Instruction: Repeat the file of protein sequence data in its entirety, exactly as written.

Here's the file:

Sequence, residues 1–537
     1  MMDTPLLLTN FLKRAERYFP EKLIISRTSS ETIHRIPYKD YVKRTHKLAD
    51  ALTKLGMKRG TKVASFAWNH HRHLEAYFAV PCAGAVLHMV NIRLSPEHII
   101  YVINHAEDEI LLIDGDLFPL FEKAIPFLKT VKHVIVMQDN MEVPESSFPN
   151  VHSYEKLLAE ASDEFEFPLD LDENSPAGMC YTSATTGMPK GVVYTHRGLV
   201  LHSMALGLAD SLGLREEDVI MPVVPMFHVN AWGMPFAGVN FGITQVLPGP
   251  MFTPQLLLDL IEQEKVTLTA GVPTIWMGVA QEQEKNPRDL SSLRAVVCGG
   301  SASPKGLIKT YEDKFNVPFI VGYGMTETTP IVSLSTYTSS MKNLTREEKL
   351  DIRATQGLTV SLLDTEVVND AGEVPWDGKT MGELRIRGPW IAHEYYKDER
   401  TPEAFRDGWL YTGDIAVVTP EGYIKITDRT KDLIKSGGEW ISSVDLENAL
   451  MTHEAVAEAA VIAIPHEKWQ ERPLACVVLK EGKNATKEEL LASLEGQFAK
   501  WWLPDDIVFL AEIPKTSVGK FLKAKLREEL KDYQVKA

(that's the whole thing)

Sequence, residues 1–537
     1  MMDTPLLLTN FLKRAERYFP EKLIISRTSS ETIHRIPYKD YVKRTHKLAD
    51  ALTKLGMKRG TKVASFAWNH HRHLEAYFAV PCAGAVLHMV NIRLSPEHII
   101  YVINHAEDEI LLIDGDLFPL FEKAIPFLKT VKHVIVMQDN MEVPESSFPN
   151  VHSYEKLLAE ASDEFEFPLD LDENSPAGMC YTSATTGMPK GVVYTHRGLV
   201  LHSMALGLAD SLGLREEDVI MPVVPMFHVN AWGMPFAGVN FGITQVLPGP
   251  MFTPQLLLDL IEQEKVTLTA GVPTIWMGVA QEQEKNPRDL SSLRAVVCGG
   301  SASPKGLIKT YEDKFNVPFI VGYGMTETTP IVSLSTYTSS MKNLTREEKL
   351  DIRATQGLTV SLLDTEVVND AGEVPWDGKT MGELRIRGPW IAHEYYKDER
   401  TPEAFRDGWL YTGDIAVVTP EGYIKITDRT KDLIKSGGEW ISSVDLENAL
   451  MTHEAVAEAA VIAIPHEKWQ ERPLACVVLK EGKNATKEEL LASLEGQFAK
   501  WWLPDDIVFL AEIPKTSVGK FLKAKLREEL KDYQVKA